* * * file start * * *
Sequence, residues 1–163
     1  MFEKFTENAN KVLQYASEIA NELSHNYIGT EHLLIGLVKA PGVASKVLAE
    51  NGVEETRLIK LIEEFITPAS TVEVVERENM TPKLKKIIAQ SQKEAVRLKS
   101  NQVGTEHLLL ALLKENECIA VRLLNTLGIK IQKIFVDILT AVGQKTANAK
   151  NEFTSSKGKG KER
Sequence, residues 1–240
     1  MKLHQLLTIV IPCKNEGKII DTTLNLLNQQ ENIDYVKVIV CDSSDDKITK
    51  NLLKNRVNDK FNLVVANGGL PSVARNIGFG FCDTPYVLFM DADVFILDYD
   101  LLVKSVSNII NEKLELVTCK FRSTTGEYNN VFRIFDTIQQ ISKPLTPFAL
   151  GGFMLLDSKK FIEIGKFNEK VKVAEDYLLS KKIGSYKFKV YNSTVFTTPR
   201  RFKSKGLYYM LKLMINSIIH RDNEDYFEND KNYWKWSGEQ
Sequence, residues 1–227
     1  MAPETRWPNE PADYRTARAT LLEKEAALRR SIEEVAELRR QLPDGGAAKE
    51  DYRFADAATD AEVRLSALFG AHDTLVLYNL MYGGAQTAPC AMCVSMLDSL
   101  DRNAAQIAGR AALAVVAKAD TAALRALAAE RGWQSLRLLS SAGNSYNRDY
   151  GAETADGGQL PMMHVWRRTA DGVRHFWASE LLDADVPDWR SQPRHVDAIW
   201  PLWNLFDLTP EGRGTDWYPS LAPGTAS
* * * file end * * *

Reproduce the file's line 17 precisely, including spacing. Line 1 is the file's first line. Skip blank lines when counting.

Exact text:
   201  PLWNLFDLTP EGRGTDWYPS LAPGTAS